How to Save on Car Insurance by the Insurance Information Institute

Cars and Transportation

  • Clean your car’s air filter
  • Buy used cars
  • Buy fuel-efficient cars
  • Inflate your tires
  • Utilize public transportation
  • Carpool
  • Drive safe and don’t speed
  • Unload your car to improve gas mileage

Food, Beverage and Grocery

  • Drink more water.
  • Pack your own snacks and avoid convenience foods and fast foods.
  • Quit smoking.
  • Make your own coffee if you can’t eliminate it
  • Plan your meals around coupons
  • Do a price comparison on groceries
  • Eat Breakfast
  • Plant a Vegetable Garden
  • Get a crock pot
  • Buy staples in bulk
  • Eat less meat
  • Don’t drink alcohol or smoke
  • Don’t buy what’s at eye level at the grocery store
  • Pick your own fruits from a local orchard for low prices
  • Don’t go to the supermarket hungry
  • Skip organic labels (Most of them aren’t really organic anyway; it’s a fad label, not a scientific label)
  • Buy in-season produce to save
  • Replace delivery with take out
  • Replace take out with home cooking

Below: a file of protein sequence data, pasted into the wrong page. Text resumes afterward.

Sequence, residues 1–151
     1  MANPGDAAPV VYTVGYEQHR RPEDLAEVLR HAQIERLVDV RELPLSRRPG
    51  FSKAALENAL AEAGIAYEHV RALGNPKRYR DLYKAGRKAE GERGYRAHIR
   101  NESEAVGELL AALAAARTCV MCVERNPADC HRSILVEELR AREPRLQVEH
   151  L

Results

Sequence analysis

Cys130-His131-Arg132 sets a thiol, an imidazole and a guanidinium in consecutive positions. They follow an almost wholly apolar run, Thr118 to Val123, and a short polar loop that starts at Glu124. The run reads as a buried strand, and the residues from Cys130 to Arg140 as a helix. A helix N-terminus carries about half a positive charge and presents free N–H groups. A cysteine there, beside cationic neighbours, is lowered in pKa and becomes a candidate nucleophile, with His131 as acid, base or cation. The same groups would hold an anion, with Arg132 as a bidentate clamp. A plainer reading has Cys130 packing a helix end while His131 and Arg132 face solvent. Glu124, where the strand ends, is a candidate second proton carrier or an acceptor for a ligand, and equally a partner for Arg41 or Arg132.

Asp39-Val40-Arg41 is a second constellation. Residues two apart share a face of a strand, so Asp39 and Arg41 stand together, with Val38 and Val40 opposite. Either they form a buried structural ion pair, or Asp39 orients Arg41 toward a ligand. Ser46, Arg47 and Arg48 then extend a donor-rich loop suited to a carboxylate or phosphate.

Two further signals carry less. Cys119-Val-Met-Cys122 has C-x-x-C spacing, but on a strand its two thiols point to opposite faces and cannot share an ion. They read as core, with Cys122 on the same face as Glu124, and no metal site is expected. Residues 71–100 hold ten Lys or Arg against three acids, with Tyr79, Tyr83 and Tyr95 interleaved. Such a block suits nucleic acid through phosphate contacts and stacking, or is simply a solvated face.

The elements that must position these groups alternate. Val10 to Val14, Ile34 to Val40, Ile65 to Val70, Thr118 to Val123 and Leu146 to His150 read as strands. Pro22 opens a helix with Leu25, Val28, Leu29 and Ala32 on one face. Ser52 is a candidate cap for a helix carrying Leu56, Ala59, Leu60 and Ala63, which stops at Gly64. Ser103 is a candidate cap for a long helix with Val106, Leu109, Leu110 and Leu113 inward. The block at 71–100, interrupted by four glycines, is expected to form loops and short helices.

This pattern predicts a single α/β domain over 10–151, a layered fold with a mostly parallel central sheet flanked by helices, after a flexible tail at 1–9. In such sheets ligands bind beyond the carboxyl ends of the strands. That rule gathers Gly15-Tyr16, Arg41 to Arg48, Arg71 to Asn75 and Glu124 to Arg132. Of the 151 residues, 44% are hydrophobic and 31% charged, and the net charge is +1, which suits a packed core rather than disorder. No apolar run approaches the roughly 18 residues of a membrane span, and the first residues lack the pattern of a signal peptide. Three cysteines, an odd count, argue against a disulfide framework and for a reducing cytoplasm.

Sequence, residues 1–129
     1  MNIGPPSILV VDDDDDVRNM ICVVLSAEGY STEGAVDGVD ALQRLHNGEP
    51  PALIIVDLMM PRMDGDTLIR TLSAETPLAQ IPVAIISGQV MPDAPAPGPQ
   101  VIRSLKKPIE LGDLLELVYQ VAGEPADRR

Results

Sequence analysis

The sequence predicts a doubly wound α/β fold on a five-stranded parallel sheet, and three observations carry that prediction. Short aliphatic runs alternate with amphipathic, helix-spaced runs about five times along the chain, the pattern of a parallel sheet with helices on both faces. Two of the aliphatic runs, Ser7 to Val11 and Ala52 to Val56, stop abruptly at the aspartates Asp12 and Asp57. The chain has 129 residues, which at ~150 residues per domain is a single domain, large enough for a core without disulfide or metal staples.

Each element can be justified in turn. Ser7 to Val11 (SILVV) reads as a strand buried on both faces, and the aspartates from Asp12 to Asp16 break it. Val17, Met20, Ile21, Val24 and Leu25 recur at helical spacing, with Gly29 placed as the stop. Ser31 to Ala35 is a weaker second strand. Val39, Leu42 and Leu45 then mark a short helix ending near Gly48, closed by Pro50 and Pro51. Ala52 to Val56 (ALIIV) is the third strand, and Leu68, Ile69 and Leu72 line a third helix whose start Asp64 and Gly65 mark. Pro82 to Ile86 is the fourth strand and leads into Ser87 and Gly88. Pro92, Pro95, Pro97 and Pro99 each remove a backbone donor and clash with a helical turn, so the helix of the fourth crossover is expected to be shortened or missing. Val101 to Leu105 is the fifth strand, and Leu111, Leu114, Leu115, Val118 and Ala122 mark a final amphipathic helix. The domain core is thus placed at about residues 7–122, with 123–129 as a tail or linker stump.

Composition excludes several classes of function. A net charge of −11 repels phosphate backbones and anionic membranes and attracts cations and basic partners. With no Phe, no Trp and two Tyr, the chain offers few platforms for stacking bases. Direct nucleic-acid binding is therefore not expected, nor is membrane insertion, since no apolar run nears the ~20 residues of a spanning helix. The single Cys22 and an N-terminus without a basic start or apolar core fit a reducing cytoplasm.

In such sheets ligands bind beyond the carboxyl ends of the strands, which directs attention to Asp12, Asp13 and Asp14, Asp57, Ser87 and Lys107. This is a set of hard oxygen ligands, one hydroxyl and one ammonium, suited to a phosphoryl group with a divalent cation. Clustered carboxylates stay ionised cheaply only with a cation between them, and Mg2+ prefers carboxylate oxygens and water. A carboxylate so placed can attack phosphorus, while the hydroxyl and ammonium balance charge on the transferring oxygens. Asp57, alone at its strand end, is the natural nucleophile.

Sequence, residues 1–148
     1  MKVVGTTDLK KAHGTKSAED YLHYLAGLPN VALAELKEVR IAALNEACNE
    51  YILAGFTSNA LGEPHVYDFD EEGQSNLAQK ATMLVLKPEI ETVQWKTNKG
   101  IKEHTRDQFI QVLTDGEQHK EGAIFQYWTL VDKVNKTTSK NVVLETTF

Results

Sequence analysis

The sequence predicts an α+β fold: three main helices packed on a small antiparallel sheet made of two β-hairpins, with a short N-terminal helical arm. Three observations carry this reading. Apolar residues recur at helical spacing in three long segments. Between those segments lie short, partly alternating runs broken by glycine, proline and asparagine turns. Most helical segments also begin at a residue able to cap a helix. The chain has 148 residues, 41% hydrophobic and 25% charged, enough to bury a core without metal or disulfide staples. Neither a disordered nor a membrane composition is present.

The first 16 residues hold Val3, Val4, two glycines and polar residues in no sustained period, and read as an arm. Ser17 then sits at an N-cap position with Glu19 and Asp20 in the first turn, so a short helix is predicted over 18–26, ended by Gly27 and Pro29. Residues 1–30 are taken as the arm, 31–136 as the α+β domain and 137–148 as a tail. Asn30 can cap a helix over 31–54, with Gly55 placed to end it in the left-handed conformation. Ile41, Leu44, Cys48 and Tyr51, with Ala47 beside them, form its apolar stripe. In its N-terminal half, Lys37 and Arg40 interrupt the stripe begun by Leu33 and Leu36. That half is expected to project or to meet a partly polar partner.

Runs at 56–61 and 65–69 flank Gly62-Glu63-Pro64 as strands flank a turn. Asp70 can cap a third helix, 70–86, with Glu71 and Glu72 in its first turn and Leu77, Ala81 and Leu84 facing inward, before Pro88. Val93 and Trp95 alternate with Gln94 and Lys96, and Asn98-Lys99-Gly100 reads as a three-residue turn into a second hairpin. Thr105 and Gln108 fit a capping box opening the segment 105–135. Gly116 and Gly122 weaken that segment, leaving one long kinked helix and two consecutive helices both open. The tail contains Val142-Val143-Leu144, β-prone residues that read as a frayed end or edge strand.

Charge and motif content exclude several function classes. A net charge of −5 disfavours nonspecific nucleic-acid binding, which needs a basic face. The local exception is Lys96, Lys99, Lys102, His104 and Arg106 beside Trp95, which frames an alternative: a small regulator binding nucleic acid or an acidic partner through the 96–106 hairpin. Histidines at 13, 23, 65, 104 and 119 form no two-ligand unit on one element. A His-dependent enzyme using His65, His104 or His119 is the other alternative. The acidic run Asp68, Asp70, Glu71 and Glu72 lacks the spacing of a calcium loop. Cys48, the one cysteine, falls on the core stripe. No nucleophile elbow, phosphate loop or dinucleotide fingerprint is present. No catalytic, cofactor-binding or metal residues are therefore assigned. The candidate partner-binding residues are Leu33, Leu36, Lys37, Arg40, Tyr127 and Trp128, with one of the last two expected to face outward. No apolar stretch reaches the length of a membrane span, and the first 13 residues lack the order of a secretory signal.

• Plant an indoor herb garden in your window sill

Spend on Beauty and Function not Brand Name or Convenience

Spend on Beauty and Function not Brand Name or Convenience
Spend on Beauty and Function not Brand Name or Convenience

Clothing, Beauty and Fashion

  • Learn to buy clothes you can mix and match
  • Cut your own hair
  • Do your own nails
  • Don’t overspend on hygiene products
  • Assess clothing for quality before purchasing.
  • Learn to mend clothes
  • Rent formal dresses
  • Seek out the services of students for salon and spa services

Raising Kids

  • Start a mom-swap with neighbors, families on friends on children’s toys and clothing.
  • Share hand-me-downs amongst kids.
  • Buy clothing in February and August when clothing is typically on sale.
  • Find free activities to entertain children (like make believe).
  • Negotiating staggering your work schedule with your spouse’s when possible to avoid child care fees.
  • Hire college kids to nanny instead of paying a local daycare.
  • Utilize Couponmom.com to find coupons for local and online stores.
  • Breastfeed when possible.
  • Utilize farmer’s markets.

Fun Doesn't Have to Be Expensive

Replace going out to eat, expensive concerts and new electronics with neighborhood potlucks and game nights.  Still a lot of fun, but a lot easier on the wallet!
Replace going out to eat, expensive concerts and new electronics with neighborhood potlucks and game nights. Still a lot of fun, but a lot easier on the wallet!